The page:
05/10/2018 Technical manual to be update accordingly in the next re-issue.

Process Notes - KBCN0611

Process notes can be accessed by licensed assessors here. When a new process note has been released, you may be required to tick the box to confirm you have read the note to be able to access other documents in BREEAM Projects. To do this scroll to the bottom of the Process Note index page and tick the box and click next.  

Process: ‘Provisional’ registrations - KBCN0124

Projects with a ‘provisional’ registration against the Refurbishment and Fit-out schemes cannot be submitted for certification. Once licensed in the Refurbishment and Fit-out scheme any provisional registrations will need to be converted into full scheme registrations and these assessments can then be submitted for QA and certification.  

Process: Project team member no longer operational - KBCN0590

In situations where a member of the project team is no longer operational, for example where a company has gone in to liquidation or administration, and the assessor is unable to obtain the required evidence to meet the requirements of BREEAM schemes and HQM, any credits affected must be withheld. Whilst BRE appreciate and sympathise with the circumstances surrounding these types of situations, BREEAM schemes and HQM rely upon an auditable trail of evidence with which to award credits. This trail of evidence is used to demonstrate how criteria have been met. BREEAM standards and HQM must be applied consistently to all developments undertaking assessment to ensure that certificates issued provide an accurate and consistent representation of the level achieved. If the necessary evidence cannot be presented and the assessor deems it insufficient to demonstrate compliance in accordance with the schedule of evidence then credits should not be awarded.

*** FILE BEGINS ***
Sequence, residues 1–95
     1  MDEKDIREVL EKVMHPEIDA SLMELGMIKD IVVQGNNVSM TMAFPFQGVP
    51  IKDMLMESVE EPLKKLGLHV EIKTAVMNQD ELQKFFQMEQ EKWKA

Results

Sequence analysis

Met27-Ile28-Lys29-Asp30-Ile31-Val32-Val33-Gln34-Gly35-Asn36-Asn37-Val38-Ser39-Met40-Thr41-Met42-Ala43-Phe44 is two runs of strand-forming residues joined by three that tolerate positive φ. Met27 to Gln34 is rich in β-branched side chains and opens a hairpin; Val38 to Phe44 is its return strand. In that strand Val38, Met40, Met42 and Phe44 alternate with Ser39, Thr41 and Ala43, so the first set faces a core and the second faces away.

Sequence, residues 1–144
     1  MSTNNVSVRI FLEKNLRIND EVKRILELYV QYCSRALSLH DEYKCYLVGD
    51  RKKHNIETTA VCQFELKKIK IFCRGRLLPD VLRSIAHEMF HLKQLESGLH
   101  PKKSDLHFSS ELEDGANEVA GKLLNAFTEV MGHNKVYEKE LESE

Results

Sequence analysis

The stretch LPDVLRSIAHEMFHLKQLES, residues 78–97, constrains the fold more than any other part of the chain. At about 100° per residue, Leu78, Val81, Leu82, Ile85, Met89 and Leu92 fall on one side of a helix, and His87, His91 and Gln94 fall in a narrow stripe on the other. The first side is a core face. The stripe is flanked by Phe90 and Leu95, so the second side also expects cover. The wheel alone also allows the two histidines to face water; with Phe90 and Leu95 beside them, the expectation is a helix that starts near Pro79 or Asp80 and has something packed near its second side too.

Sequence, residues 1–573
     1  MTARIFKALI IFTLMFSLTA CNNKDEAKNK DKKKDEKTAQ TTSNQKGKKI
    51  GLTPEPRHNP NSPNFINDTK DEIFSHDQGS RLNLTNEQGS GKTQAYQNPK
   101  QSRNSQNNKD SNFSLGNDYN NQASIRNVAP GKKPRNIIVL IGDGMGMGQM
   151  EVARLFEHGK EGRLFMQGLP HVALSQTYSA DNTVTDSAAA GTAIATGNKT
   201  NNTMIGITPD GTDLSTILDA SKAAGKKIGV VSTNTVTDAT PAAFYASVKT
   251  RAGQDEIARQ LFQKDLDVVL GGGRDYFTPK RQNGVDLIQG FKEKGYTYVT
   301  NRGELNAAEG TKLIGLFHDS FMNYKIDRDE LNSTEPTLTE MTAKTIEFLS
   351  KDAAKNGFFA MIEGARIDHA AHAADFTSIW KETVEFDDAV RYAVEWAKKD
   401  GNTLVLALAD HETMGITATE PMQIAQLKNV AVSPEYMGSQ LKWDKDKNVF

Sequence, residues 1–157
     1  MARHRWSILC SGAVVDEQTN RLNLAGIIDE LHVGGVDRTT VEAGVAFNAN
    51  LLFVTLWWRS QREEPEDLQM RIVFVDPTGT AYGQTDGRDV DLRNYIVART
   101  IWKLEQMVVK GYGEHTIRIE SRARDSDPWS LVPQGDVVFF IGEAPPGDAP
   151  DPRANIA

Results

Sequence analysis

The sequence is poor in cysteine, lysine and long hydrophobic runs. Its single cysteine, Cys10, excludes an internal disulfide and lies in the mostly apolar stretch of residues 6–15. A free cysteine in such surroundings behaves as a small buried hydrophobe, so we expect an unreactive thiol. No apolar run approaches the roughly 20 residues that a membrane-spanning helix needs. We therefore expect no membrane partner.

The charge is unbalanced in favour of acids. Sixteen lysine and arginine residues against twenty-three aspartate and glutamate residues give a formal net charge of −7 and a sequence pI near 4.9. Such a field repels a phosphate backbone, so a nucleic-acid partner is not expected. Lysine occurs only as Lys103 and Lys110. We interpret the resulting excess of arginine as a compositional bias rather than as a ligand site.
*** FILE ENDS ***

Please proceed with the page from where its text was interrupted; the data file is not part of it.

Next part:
Process: Registering RFO projects against 2008 and 2009 , where required contractually - KBCN00090

NC assessors will continue to be able to register under the building types for which they hold a licence using BREEAM 2008 or 2009  for Refurbishment or Fit Out. For example, an assessor who is licensed under NC Commercial (Offices, Retail, Industrial) will be able to register previous version 2008 Refurbishment or Fit Out assessments under Offices, Retail or Industrial providing there is contractual planning requirement in place to use that version. A NC assessor would need to be licensed as a BREEAM RFO assessor to be able to assess refurbishment and fit-out projects.    

Process: Registration date and applicable scheme manual issue - KBCN0708

Typically the scheme technical manual issue which is current when a project is registered should be used for the assessment. For example, if a BREEAM UK New Construction 2014 development was registered on 01/07/2016, the current issue of the scheme technical manual at that point would be issue 4.1, which was published on 11/03/2016 (the next issue 5.0 of the technical manual was published on 05/09/2016). However, it is permissible for the assessor to decide to use a later issue of the technical manual. The scheme technical manual version and issue used for the assessment should be clearly referenced within the assessment report. Note that in any case, the same technical manual version and issue should be used for the entire assessment. It is not acceptable to assess different credits based on different issues of the technical manual and it is not acceptable to change issues between submissions of the assessment.
26 09 17 Clarification added that the 'Issue' of the technical manual may not be changed between assessment submissions

Process: Registration of different building types - KBCN00082